In my case, when the programmers punted to the KYC department and legal, a bunch of transactions were cancelled. In this case, the police will raid your house and arrest you for "child porn.â€A recent test showed that putting a label that said "iPod" on an apple fooled an image recognition AI into believing that it was an iPod.
The image they will raid you for wouldnâ€™t even necessarily have to be an adult one. Computers are strange. They are very literal beings. They do exactly what they are told, which is both their greatest asset and weakness. For example, this neural network thinks that this cat is guacamole.
And that's what Apple is foisting upon you.
- Oh, and the US government plans to track you everywhere you go. (The Intercept)
If you're going to tax cars by the mile you have to know how many miles they travel, and they are planning to do this in the most invasive way possible.
The data - if this goes through - will of course also leak. All of it.
- Google's new Nest cameras work even without a subscription fee. (Ars Technica)
Well, that's novel. Almost as if you own what you bought.
I think the Apple surveillance thing may actually be aimed at preventing internal defection. I'm pretty sure Krugman's claim that his phone was hacked was a lie, and some of the pushback at QAnon managed to persuade that the satanist pedophile model of the opposition might be credible.
(QAnon had many implausible claims. "Trust the plan" in hindsight looks like an information operation to secure the power transition. But pushing back specifically at the satanist and pedophile claims, and refusing to demonstrate why someone thinks they are not plausible, looks like gaslighting. Anyone who has seen US public school sexual education might find accusations of pedophilia plausible. Communism is also pretty clearly a religion, and as a profoundly evil heresy of Christianity, might be properly classified as a satanism.)
PRC's internal genocides are why smart cars are too dangerous to tolerate. Governments friendly with the PRC should never be trusted not to be preparing to commit democide. Legislatures should not be trusted with the power to force automation on manufacturers. Manufacturers should not be trusted to secure ways to abuse cars from governments.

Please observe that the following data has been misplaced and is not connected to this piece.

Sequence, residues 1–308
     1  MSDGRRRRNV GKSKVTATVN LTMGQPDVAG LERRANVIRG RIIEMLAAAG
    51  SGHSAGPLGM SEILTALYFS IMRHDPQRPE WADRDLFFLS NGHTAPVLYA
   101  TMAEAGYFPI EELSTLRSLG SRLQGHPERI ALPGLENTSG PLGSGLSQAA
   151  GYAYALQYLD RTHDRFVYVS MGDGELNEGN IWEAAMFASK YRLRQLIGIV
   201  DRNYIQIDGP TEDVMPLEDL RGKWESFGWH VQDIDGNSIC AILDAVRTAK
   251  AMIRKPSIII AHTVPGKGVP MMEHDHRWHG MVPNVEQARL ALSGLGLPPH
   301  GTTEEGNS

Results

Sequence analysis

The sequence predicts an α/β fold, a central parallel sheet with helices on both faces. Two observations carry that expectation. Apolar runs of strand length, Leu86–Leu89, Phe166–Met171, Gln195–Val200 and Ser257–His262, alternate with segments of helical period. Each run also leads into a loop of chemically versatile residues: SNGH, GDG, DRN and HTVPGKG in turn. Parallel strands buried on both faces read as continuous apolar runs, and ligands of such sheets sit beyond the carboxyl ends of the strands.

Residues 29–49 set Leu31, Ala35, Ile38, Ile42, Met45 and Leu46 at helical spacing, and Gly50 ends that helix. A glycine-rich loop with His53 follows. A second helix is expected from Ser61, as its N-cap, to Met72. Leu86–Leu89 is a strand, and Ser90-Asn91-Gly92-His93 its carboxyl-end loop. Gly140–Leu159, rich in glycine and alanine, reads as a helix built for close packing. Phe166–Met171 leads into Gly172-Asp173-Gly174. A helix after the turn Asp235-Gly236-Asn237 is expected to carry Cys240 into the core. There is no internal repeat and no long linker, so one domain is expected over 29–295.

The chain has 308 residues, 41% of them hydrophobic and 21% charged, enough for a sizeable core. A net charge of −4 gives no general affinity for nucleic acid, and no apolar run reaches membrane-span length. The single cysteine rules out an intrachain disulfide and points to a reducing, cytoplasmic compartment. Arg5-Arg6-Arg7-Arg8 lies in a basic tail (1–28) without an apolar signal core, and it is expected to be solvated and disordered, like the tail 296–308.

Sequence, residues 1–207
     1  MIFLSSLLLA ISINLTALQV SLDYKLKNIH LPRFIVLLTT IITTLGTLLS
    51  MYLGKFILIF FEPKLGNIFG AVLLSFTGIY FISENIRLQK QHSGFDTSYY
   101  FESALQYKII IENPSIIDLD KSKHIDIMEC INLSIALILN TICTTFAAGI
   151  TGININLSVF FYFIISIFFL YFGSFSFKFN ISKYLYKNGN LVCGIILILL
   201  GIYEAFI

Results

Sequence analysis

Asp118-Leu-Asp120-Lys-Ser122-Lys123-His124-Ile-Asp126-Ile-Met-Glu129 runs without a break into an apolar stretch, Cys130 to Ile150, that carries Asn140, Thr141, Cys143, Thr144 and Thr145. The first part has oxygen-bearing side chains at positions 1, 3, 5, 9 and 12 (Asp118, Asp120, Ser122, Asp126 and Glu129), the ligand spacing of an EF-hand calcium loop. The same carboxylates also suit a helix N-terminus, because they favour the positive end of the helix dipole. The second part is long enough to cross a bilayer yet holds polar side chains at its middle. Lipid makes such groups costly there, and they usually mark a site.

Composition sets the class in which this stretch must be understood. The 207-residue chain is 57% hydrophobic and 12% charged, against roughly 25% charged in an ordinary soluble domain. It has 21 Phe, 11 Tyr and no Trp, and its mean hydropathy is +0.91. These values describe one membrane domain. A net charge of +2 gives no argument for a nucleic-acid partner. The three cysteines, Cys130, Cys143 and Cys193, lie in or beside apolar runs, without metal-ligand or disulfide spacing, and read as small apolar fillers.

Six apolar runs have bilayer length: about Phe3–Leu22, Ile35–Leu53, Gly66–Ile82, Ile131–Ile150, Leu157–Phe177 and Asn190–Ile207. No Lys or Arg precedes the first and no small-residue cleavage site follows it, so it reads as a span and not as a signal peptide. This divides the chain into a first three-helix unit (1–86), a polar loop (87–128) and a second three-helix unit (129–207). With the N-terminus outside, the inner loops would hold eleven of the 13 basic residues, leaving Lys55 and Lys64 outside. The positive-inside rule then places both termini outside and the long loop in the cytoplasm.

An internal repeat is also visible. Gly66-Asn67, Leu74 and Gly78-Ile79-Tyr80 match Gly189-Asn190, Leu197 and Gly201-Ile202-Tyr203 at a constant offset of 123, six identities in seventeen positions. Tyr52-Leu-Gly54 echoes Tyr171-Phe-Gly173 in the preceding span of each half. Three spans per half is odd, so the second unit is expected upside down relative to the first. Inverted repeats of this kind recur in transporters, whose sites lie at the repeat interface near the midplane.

Posted by: PatBuckman at Friday, August 06 2021 11:07 PM (DHVaH)
Posted by: Rick C at Saturday, August 07 2021 12:31 AM (eqaFC)
Posted by: normal at Saturday, August 07 2021 01:02 AM (LADmw)
From the quick summaries, they say that if a parent turns the feature on, a perceptual hash will be computed on the phone when an image is shared, which sounds like it protects privacy, but that's a smokescreen. Little Kelly's Nude Selfie would not match any existing hash when it's posted, so Apple can't alert the parents until someone sends them a list of "known CP" hashes that includes it, months or years later. Which means Apple is permanently storing the hashes of every picture uploaded by Little Kelly, linked to her iCloud account. And we can trust them to never turn that feature on for other users, or perform those comparisons for any reason other than Protecting The Children.
It is nice that Apple's action is drawing some attention to the use of perceptual hashes, since all the social-media sites and online forums that allow image uploads are already doing this, with no limits on how they can be searched.
Posted by: J Greely at Saturday, August 07 2021 04:18 AM (ZlYZd)